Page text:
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Veterinary Labs Receive Emergency Toolkits for Handling Disease Outbreaks

Veterinary Labs Receive Emergency Toolkits for Handling Disease Outbreaks

(Photo: IAEA)

From the outside, it looks like an ordinary 50x50x50 cm box, but inside that box is an emergency toolkit, packed with an array of critical laboratory testing materials to support African veterinary laboratories in the rapid detection of highly pathogenic avian influenza viruses. Of course, it is one thing to support veterinary laboratories with a toolkit, it’s quite another to decide what that toolkit should contain. Created by the Joint FAO/IAEA Division of Nuclear Techniques in Food and Agriculture, it called for a lot of pre-testing and prior knowledge of the laboratory environments in recipient countries, in order to ensure it would contain everything a lab would need to perform proper diagnosis of avian influenza. The take-up of the instant diagnostic package in kit format was so positive that the Joint Division expanded its support by also providing companion biosecurity cases containing all of the personal protective equipment, sampling materials and disinfectants needed for field gathering and secure shipment of samples for testing in veterinary laboratories.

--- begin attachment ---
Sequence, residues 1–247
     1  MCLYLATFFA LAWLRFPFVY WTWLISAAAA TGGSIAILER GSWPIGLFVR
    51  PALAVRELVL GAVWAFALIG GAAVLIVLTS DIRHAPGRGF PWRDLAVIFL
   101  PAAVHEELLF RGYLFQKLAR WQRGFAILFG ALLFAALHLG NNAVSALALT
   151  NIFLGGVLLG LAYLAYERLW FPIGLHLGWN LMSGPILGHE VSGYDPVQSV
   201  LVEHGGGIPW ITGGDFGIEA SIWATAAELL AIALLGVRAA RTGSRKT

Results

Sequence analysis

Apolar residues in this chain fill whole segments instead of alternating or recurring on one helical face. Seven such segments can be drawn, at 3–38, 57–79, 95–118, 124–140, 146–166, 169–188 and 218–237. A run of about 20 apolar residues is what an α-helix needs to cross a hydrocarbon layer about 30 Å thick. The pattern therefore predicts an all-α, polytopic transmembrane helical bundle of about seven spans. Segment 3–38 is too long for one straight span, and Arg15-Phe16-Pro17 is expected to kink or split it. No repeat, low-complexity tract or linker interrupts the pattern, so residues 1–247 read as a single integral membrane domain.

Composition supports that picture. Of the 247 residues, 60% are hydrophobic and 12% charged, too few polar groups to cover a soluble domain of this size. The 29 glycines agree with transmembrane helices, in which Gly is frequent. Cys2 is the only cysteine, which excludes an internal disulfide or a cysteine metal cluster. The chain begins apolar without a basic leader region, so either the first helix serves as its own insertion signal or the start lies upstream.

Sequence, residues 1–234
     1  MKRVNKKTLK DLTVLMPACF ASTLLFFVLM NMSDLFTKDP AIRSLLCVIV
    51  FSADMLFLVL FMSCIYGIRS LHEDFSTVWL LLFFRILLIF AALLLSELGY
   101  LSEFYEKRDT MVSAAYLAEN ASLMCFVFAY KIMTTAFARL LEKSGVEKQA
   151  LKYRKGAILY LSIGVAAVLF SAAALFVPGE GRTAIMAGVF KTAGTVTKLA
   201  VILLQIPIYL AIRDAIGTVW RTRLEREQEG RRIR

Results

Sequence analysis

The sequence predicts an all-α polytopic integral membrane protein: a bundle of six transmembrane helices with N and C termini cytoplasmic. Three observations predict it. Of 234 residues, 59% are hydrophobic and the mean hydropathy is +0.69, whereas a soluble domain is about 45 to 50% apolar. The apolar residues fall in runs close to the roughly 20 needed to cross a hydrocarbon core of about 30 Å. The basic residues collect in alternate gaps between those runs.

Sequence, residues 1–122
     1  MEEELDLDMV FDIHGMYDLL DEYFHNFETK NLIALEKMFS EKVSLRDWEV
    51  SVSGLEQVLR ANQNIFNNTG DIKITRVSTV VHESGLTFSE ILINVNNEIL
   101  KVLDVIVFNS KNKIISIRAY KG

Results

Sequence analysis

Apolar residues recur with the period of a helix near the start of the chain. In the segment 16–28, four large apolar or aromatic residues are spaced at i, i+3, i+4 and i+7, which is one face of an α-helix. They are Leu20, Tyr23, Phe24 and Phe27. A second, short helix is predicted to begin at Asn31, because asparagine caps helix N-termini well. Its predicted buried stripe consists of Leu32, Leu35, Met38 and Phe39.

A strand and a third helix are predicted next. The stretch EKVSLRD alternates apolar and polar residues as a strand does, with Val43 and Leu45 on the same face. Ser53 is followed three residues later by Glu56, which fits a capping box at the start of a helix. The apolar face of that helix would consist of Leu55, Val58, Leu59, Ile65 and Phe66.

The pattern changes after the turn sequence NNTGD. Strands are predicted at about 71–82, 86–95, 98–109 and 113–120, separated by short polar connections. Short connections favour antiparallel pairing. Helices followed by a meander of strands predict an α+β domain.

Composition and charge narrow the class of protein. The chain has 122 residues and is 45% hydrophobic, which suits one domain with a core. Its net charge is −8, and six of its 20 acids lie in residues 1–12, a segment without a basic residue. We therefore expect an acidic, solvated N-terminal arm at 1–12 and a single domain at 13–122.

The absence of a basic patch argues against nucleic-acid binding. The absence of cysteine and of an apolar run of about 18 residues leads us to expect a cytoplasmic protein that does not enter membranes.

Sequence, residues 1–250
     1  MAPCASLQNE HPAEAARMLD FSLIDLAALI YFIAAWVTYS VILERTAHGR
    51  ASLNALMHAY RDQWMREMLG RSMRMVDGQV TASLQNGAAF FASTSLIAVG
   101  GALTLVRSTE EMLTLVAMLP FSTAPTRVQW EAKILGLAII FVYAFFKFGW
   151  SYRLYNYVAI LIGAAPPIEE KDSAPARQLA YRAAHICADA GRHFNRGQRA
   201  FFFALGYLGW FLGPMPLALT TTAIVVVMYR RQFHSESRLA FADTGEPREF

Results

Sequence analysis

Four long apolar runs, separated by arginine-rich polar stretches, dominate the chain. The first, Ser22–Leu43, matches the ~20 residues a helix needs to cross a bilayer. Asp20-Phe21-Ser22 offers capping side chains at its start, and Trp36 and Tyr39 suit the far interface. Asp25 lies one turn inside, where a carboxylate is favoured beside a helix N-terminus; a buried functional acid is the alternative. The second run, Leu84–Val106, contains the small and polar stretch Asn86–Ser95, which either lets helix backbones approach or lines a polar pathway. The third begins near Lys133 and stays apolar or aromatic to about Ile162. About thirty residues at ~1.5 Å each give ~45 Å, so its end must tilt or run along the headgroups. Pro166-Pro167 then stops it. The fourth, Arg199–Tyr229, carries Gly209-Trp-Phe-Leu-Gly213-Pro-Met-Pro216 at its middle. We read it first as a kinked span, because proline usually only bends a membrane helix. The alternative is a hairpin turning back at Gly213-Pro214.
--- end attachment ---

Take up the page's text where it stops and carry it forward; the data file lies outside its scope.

The increasing incidence of transboundary animal and zoonotic disease outbreaks, with emergence and re- emergence of new animal diseases, can often be traced to changes in climate, changes in agricultural practices and increasing global trade. When a new animal disease emerges, laboratories are often caught without the capacity for rapid diagnosis, making its control a real challenge.

That is what the emergency toolkits developed by the Joint Division are all about. Developed for diagnosis of avian influenza, they now sit at the ready in laboratories across West Africa, while others have been prepared and remain on standby, ready to be shipped immediately from the Joint Division laboratory in Seibersdorf, Austria, when and where needed.

While a complete toolkit is certainly an ideal approach for an effective response to an emerging disease, setting up such a kit requires that its contents cover the necessary lab procedures, travel and store well, and work with whatever lab equipment and machines the target labs are working with. There can be no margin for error when the emergency toolkit is needed. The Joint Division therefore did extensive pre-testing and also asked laboratories to conduct tests at their ends of some of the toolkits contents. Through this concerted effort, they determined that, for example, some reagents included for some specific tests were not as delicate as feared and would work well without the need to maintain a cold chain during shipping and storage.

To increase its effectiveness in emergency situations, the toolkit has been developed in a way that it can be used for several different diseases with just minor and simple modifications. However, when it comes to diseases such as Ebola, it becomes more challenging because of the potential biosafety aspect of samples containing the Ebola virus.

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